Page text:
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Export markets to Taste Australia through massive trade drive

Hort Innovation launched the biggest ever trade push in Australian horticulture’s history with an ambitious plan to significantly grow exports by 2025, complementing an investment of more than $10.5M into trade activities over the next year.

Officially announced by Assistant Minister for Agriculture and Water Resources, Senator Anne Ruston, a key component of the initiative is the new ‘Taste Australia’ in-market export activity, which will help promote premium Australian produce in current and future markets. The plan will also see more research and development (R&D) to grow market access, and increased support for current and aspiring exporters. Hort Innovation chair Selwyn Snell said the potential for growth is significant given Australia’s solid reputation for producing high-quality produce, wide untapped opportunities, and the industry’s appetite for trade.


Assistant Min for Ag Senator Anne Ruston with vegetable grower, Ed Fagan of Mulyan Farm

“Australia is known for delivering high-end produce that has undergone the most rigorous food safety inspections along all stages of the supply chain,” he said. “We want to build upon that. The first way we are doing this is through Taste Australia, which tells the unique story of Australian horticulture products.” “Our country is known for our great lifestyle with our sunshine, appealing farms, beaches and landscapes, all of which is conveyed through this new in-market activity giving international consumers a sense of Australia every time they buy and eat Australian fruit, vegetable and nuts.”

Developed in consultation with growers, State and Federal Government agencies and other trade stakeholders, Taste Australia will be launched with more than 200 industry representatives at Asia Fruit Logistica in Hong Kong next month. That will kick off a six-month tour of trade show events in Dubai, Beijing, Shanghai and Tokyo.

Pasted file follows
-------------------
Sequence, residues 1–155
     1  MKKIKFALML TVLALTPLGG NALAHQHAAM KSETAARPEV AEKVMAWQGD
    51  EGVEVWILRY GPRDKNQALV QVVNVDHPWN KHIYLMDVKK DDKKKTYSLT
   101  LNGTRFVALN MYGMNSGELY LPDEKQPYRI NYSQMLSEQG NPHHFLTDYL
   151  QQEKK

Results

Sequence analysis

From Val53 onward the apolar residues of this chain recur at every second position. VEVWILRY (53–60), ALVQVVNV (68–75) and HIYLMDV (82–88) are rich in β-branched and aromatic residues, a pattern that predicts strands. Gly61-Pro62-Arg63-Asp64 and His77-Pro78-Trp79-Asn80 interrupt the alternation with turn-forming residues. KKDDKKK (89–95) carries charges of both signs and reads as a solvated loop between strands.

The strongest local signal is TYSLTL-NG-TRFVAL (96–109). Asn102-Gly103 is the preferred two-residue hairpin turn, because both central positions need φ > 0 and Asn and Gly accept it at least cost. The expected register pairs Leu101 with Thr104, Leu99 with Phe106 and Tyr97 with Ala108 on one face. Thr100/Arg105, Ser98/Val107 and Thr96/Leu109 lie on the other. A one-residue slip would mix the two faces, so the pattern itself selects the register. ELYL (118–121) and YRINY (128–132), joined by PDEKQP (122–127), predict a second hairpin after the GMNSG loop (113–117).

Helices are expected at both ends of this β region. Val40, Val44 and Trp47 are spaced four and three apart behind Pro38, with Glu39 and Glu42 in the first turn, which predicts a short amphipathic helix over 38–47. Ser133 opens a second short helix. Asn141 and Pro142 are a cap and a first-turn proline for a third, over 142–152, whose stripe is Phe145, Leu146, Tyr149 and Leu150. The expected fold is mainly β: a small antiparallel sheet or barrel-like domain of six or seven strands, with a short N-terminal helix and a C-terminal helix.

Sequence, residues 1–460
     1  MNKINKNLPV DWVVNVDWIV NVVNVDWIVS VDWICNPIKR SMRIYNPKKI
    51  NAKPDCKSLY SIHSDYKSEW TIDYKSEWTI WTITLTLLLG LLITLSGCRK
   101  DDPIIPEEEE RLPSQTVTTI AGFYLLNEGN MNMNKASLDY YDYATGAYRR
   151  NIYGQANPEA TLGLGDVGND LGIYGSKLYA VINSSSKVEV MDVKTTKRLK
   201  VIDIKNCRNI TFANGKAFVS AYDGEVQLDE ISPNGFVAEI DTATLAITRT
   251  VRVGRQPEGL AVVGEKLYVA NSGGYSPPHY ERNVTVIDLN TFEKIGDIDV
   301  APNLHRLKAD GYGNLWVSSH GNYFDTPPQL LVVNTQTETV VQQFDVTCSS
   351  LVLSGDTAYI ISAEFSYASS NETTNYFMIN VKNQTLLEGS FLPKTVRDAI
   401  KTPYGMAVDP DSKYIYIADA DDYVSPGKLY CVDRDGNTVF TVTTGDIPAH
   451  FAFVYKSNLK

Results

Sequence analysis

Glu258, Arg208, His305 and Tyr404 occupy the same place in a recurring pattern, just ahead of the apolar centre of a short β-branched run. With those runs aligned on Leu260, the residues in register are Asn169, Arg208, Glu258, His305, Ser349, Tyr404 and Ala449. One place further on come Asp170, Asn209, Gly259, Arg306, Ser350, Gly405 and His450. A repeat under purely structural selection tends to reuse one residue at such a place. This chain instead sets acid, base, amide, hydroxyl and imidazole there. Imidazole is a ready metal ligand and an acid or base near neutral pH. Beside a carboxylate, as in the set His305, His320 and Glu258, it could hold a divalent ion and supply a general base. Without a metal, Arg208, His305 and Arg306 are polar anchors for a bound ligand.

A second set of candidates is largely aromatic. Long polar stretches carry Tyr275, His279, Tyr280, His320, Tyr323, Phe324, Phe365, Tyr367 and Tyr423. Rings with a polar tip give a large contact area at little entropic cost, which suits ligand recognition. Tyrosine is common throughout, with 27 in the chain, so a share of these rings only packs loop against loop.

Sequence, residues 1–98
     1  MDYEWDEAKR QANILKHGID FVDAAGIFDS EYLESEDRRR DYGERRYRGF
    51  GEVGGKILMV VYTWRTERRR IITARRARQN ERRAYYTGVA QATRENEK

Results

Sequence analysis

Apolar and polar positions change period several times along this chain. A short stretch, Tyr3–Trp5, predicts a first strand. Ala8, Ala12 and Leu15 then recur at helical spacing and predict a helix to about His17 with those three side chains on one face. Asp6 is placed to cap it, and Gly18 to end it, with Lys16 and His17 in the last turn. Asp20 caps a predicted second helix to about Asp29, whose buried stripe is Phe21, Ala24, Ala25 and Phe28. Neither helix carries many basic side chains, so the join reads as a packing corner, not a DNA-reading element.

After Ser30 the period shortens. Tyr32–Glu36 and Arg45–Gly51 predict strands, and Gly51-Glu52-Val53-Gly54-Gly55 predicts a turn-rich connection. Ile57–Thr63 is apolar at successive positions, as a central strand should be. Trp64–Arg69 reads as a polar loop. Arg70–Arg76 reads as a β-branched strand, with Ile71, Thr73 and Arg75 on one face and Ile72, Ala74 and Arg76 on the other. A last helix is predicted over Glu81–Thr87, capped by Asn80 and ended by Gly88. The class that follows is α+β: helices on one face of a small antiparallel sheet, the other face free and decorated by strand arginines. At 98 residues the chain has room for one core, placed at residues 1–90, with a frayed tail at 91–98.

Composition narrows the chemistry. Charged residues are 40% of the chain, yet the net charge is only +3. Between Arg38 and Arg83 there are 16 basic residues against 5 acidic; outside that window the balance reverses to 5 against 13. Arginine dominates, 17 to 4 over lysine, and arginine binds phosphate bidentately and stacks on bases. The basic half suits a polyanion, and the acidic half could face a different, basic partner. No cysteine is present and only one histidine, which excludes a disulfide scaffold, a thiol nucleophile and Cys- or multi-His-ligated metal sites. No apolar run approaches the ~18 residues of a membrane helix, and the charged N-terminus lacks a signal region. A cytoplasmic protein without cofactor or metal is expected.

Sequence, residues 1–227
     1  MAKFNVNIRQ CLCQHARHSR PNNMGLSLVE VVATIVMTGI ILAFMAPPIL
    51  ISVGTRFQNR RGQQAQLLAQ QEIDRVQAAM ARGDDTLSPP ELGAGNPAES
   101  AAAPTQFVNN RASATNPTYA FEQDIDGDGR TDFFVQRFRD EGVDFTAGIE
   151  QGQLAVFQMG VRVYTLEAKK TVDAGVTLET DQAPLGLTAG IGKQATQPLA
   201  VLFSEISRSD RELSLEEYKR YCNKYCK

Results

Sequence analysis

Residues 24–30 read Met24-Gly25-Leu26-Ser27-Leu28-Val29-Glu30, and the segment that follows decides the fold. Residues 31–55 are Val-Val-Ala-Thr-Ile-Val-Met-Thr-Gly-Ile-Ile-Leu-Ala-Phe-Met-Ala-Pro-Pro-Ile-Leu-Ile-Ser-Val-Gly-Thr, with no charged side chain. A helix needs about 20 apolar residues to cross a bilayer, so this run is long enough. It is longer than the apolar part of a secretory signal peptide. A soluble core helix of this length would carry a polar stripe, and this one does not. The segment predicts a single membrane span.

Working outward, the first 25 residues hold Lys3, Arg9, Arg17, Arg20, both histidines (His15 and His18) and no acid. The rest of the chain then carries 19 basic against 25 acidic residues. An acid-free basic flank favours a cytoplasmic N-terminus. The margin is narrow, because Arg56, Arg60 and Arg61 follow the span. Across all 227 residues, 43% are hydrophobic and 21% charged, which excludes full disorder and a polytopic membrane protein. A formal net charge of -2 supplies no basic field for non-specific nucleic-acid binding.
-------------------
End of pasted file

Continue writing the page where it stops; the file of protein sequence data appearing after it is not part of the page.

Mr Snell said this year, Hort Innovation will invest 40 per cent more on trade show efforts than last year and growers and industry representative participation in overseas promotional activities will rise by 30 per cent.

“The focus will be on getting Australian produce and growers, exporters and other industry representatives in front of potential buyers, and building on those networks,” he said.


Toby Smith from Olam Almonds, Anne Ruston, Meg Mason from Fresh Produce Group, Selwyn Snell Hort Innovation Chair, Brett Jackson Sevenfields, and Ed Fagan  Mulyan Farms

Hort Innovation will also continue to collectively work with a number of Research and Development Corporations including Dairy Australia, Wine Australia and Meat and Livestock Australia to showcase premium food and beverages at events overseas under the ‘Taste Australia’ banner.

Back home in Australia, Hort Innovation is investing more than $10.5M in trade-related R&D activities over the next year and is set to boost its investment across areas such as biosecurity, pre-export produce treatments, and supply chain efficiencies.

As part of this new export push, Hort Innovation has worked with industry to set trade targets, which were developed in consideration of future production forecasts, building industry capacity and a growing middle class across Asia. A snapshot includes:
  • Increase the value of vegetable exports to $315 million, or by 40 per cent, by 2020 through relationship building, working with industry to get export ready, boosting supply chain efficiencies and overseas activities.
  • Invest an estimated $31.48 million over the next five years into avocado research and development, to create a potential impact of $212 million. By 2021, over 10 per cent of production will be exported to markets who are willing to pay a premium for quality Australian avocados.
  • Export 12,000 tonnes of cherries by 2020/21, an increase of 340 per cent over the 2015 levels. This equates to a 16.5 per cent year-on-year growth over a five-year period. Industry reports that the bulk of this development is expected to occur in Tasmania and Victoria
  • Increase almond export sales from 64,000 tonnes in 2016 to 110,000 tonnes in 2022 through the development of improved harvesting techniques and pest management, novel technology to reduce labour costs and more.
  • In olives, continue to support established and growing high-margin export market opportunities in China and Asia for high-quality olive oil through an anticipated $2.75 million over the next five years in R&D and extension activities.
  • By 2021, increase exports of Australian strawberries from four per cent to at least eight per cent of national production by volume, in selected markets with a capacity and willingness to pay a premium for quality fruit.
This trade push is funded by Hort Innovation using industry research, development and marketing levies and funds from the Australian Government with some activities supported by co-investment from research and trade partners. See more information about trade data and individual sectors’ export plans on the Hort Innovation website.

Publication date: 8/9/2017

 


 

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